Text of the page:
Expert advice

giving birth

Giving Birth – Recognizing Birth Stages and Contractions

with MAM experts and midwives Anja & Marie

As the pregnancy progresses and baby's due date gets closer, many women find there are so many questions whirling around in their head. These almost certainly include what will my birth be like, how smoothly will it go, and how bad will the contractions actually be? So in this article we will explain a little about the individual birth stages and provide you with some general information about contractions.

Birth Stages

The birth is divided into three different stages. The dilation stage, the delivery stage, and the afterbirth stage. These birth stages are defined differently because they describe various periods and processes that occur during the birth.

The Dilation Stage

The dilation stage is further divided into two different phases. The first is the latent phase, while the second is the active dilation phase. The latent phase begins when the birth starts, in other words when regular, painful, and progressive contraction activity starts. Once the cervix is 4–6 centimeters dilated, you will transition to the active dilation phase. This describes the period from when the cervix is 4-6 cm dilated until it is fully dilated to 10 cm.

The Delivery Stage

The delivery stage is also further divided into two different phases. These are the latent passive delivery phase and the active late delivery phase.

The latent passive delivery phase starts when the cervix is fully dilated to 10 cm and the baby begins to turn through the pelvis and into the birth canal. In this phase you will not yet be feeling the urge to actively push. That won't happen until you enter the next phase – active late delivery. This is when you will start to feel a reflexive urge to push as this actively helps the child to be born.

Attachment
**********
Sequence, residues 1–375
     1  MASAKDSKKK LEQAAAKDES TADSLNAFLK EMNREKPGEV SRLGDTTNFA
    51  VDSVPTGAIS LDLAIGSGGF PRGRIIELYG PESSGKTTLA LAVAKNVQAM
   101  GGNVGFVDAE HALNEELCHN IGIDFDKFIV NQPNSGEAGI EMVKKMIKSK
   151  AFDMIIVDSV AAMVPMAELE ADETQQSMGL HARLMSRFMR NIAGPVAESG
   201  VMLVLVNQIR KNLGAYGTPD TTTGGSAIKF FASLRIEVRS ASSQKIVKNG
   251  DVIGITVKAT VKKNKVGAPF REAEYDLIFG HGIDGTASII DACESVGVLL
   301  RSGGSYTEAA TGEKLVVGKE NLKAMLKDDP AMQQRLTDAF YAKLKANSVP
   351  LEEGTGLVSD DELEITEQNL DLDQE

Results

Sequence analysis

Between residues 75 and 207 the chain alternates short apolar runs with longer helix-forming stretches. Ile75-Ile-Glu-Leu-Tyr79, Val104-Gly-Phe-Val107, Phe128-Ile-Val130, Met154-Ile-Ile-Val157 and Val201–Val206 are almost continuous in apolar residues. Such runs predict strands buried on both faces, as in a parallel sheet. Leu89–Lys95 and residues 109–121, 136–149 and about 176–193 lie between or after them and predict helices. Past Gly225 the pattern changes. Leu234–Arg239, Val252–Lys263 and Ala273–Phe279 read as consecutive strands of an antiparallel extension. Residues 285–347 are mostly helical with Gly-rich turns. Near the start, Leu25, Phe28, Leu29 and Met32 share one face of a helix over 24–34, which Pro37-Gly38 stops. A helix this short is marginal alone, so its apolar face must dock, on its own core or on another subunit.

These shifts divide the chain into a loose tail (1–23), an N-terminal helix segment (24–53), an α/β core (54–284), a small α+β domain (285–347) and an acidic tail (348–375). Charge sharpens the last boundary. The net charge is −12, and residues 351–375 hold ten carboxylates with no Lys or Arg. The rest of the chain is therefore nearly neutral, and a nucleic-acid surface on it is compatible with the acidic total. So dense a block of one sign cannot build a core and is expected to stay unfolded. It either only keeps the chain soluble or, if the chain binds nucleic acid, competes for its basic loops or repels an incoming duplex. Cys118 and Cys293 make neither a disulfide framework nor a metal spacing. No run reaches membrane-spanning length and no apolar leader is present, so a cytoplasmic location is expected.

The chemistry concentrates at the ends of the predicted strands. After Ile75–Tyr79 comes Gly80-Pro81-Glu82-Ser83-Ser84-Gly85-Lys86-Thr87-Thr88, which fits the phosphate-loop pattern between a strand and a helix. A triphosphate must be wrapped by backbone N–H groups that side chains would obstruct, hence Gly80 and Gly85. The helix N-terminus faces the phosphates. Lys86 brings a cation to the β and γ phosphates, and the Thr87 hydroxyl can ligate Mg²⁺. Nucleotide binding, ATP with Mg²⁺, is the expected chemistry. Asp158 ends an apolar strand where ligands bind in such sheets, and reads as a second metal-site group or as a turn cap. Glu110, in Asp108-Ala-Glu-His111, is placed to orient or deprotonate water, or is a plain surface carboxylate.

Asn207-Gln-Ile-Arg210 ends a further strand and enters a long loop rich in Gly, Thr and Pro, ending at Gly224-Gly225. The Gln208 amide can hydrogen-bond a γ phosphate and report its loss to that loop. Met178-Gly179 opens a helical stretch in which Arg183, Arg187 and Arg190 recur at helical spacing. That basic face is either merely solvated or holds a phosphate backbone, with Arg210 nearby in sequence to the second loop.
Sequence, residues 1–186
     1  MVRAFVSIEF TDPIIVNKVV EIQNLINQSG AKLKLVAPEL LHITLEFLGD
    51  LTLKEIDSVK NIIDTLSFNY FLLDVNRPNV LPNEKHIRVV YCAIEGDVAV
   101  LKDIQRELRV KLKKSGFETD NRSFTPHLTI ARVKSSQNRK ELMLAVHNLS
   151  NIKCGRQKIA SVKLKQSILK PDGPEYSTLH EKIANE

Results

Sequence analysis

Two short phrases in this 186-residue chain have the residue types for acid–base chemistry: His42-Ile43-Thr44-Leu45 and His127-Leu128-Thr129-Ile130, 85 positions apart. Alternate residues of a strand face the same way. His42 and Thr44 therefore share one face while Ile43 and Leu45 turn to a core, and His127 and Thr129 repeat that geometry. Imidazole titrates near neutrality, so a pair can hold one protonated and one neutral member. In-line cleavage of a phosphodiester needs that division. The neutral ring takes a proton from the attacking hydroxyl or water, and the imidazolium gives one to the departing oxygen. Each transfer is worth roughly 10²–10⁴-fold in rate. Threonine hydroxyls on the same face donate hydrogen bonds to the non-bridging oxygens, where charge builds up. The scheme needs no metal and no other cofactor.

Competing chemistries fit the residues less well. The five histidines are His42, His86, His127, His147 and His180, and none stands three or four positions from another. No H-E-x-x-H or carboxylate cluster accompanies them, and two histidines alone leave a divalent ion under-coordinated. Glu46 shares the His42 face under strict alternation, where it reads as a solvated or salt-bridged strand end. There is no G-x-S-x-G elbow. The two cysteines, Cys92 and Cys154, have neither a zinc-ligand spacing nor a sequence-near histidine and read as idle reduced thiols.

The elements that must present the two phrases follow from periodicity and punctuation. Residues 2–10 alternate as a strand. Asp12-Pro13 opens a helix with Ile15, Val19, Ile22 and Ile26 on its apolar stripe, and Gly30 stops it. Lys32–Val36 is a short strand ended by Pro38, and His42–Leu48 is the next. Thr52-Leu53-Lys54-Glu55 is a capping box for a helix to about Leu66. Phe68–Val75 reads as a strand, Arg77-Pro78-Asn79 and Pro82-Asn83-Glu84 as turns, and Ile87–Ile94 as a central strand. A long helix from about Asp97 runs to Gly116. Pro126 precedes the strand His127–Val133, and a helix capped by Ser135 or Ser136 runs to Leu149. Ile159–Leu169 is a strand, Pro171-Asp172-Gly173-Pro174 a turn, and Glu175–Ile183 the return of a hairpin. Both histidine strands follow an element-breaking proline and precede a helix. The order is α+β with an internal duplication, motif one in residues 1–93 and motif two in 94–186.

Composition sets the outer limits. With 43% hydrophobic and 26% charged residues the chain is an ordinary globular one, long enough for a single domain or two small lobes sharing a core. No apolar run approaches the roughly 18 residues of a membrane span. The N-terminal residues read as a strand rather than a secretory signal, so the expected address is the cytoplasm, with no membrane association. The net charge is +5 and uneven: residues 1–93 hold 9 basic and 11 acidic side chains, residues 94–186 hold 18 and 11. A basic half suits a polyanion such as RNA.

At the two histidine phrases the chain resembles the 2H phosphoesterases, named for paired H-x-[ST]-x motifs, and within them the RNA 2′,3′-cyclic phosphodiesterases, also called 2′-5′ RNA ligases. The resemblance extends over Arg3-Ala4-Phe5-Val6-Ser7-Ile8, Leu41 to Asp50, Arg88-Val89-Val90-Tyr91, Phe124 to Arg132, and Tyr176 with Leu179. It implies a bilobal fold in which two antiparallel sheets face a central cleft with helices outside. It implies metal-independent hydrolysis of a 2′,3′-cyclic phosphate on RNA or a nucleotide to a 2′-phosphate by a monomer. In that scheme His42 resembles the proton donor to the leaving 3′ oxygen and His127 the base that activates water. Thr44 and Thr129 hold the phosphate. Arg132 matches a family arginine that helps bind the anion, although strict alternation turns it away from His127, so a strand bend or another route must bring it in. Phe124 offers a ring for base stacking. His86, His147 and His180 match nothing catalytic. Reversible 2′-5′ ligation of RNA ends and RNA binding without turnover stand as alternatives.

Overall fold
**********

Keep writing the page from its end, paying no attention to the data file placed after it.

The Afterbirth Stage

The final stage of the birth is known as the afterbirth stage. A lot of people do not realize that the birth as such has not yet ended at this point for the obstetricians, even though the baby has actually been delivered. That does not happen until the placenta (afterbirth) has been fully expelled together with its amniotic membranes. This can take up to one hour.

Recognizing Contractions 

Towards the end of their pregnancy, many women start to worry about how the contractions will feel, how to identify one, and how they will recognize when the birth is really underway.

What exactly is a contraction?
A contraction is the pulling together of the muscles in the uterus. This prepares the fetus for the birth and ultimately helps it to be delivered. Towards the end of pregnancy, various types of contraction can occur and they all do different things. We will explain in more detail what they actually do in the next section.

What is the difference between prodromal contractions and labor contractions?

Prodromal Contractions